We’ve also been very lucky to rise at the time that we did — because we’re not alone in our excitement about solving these problems in healthcare. In fact, we find that we regularly attract a third of the class to our info sessions at the beginning of the year. The majority of our success is due to the enthusiastic Feinberg students we recruit to our group each year.
When we started Second Opinions, we had never heard of an organization like ours at any other school. Now we’re being contacted by students from other schools who are interested in starting similar groups. We don’t see a reason why this can’t be expanded nationally to other schools using the same model — except for having students on the ground who are passionate and willing to put in the time to make an organization like this work.
How did you choose your research project, and what did you discover?
I knew I wanted to be involved in health systems improvement and outcomes research. Dr. Sturgeon and I started a project in a rare disease called multiple endocrine neoplasia type 1 (MEN-1), looking at health-related quality of life.
The project was a great fit in part because of my consulting experience and prior background in research leveraging survey design. I was also excited about using PROMIS, a patient reported outcomes tool that was developed by the NIH in collaboration with some investigators here at Northwestern.
One of the problems with this sort of research is that MEN-1 is so rare. Luckily, we had a partnership with an MEN-1 support group and through their Facebook page, we were able to recruit over 200 participants, the largest cohort of MEN-1 patients ever published in the literature at that point in time.
In our studies, we compared quality of life in MEN-1 to a number of more prevalent chronic conditions, looking at disease- and treatment-related factors, as well as financial factors. We found that health-related quality of life in MEN-1 is significantly worse compared with many other chronic conditions. For example, patients experience levels of anxiety and depression similar to major depressive disorder. Further, a high degree of financial burden — such as borrowing money from friends and family or spending more money out of pocket on prescriptions — was associated with worse quality of life among this patient population. It really shows how lack of insurance and under-insurance in this population can make a big impact in terms of health-related quality of life.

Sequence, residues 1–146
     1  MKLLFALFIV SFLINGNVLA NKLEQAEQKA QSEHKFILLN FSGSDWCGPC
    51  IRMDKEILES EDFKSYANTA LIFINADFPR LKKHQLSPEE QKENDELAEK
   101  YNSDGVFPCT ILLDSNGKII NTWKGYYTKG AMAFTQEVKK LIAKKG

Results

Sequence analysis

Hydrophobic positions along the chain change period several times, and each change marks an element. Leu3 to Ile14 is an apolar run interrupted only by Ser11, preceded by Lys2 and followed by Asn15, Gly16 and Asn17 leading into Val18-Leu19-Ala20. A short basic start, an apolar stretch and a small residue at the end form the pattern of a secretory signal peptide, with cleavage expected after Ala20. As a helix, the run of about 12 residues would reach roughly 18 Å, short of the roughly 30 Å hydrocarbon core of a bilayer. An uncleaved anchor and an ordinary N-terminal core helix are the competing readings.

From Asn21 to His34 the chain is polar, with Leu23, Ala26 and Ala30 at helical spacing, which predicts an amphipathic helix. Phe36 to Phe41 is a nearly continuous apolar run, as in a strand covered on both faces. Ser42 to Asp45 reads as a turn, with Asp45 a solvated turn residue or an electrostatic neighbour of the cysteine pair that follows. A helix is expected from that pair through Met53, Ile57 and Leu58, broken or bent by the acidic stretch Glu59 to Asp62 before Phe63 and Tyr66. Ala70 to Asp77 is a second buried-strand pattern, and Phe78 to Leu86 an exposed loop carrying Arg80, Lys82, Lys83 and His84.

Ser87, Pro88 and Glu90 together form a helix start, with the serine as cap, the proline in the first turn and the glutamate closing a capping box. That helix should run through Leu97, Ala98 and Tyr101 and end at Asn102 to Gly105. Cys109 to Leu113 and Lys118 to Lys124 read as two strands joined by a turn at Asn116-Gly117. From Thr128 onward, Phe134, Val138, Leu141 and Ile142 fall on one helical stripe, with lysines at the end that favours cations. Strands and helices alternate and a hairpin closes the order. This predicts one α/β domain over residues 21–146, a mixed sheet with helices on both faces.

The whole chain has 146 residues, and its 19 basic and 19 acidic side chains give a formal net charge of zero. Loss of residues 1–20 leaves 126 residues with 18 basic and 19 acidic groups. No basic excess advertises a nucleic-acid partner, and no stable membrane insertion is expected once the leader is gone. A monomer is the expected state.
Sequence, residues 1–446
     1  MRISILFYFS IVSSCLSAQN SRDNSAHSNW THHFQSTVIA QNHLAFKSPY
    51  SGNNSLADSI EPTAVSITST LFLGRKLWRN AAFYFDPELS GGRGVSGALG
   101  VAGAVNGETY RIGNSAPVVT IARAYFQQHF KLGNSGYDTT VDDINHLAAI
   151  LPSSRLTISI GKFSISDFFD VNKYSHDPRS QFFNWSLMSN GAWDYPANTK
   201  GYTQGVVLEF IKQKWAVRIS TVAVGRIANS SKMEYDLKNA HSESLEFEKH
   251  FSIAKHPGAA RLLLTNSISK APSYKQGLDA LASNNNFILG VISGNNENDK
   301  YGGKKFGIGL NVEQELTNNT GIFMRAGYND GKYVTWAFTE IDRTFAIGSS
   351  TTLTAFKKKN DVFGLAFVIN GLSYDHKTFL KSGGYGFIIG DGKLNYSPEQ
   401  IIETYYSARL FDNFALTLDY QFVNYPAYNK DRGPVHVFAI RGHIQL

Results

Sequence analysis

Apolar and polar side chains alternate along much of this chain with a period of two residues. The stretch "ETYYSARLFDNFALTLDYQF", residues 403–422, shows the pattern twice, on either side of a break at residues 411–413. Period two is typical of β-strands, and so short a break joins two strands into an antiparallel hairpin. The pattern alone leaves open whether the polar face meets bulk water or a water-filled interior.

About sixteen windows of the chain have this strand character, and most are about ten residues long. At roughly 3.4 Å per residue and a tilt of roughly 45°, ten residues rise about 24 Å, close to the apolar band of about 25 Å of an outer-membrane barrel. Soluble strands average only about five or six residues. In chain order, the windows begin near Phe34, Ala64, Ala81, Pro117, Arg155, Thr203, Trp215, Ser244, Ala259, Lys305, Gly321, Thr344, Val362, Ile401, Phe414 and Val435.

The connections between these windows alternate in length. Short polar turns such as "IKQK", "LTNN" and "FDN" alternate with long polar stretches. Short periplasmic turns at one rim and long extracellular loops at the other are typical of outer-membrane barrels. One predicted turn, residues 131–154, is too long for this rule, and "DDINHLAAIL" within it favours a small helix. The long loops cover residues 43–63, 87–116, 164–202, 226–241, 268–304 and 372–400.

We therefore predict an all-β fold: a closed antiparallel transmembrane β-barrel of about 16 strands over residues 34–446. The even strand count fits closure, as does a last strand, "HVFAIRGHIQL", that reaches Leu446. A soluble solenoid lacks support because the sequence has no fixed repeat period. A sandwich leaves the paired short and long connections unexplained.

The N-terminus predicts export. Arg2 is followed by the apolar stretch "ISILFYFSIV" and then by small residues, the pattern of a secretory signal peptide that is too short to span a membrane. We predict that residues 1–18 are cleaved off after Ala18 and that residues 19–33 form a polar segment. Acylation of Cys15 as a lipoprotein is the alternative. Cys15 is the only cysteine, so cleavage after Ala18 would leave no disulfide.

Now, we’re working on figuring out how best to implement the health-related quality of life system throughout the endocrine clinic, as well as at home for all endocrine surgery patients. It should provide us with some interesting data to track outcomes over time for these patients, as well as flag patients who have particularly poor quality of life whose clinical needs are not being met.
How else do you spend your time outside of medical school?
I think it’s really important to remain balanced, and I’ve been involved in a number of different organizations, with various degrees of responsibility. For example, I was the past president of Business in Medicine, I completed a Global Health Initiative-funded program in Argentina learning medical Spanish, I was the treasurer for Medical Students for Choice, and I’ve worked with the engineering school as a medical consultant.
Like anyone, I also make time to shut down my brain — whether it’s by running along the lakefront, practicing yoga, playing violin or cooking. For me, Second Opinions is a break from studying and an opportunity to think differently. It also lends itself to a sense of productivity, ownership and accomplishment that isn’t always easy to come by — all while working with great colleagues in a supportive environment.
Second Opinions is something that gets me excited to get up in the morning and work on. We’re doing something that other people really aren’t doing on a large scale and that people are excited to hear about and join — and that sort of energy is really fun to tap into. It’s been a great side-venture while I’m getting my medical degree, and I wouldn’t trade it for anything.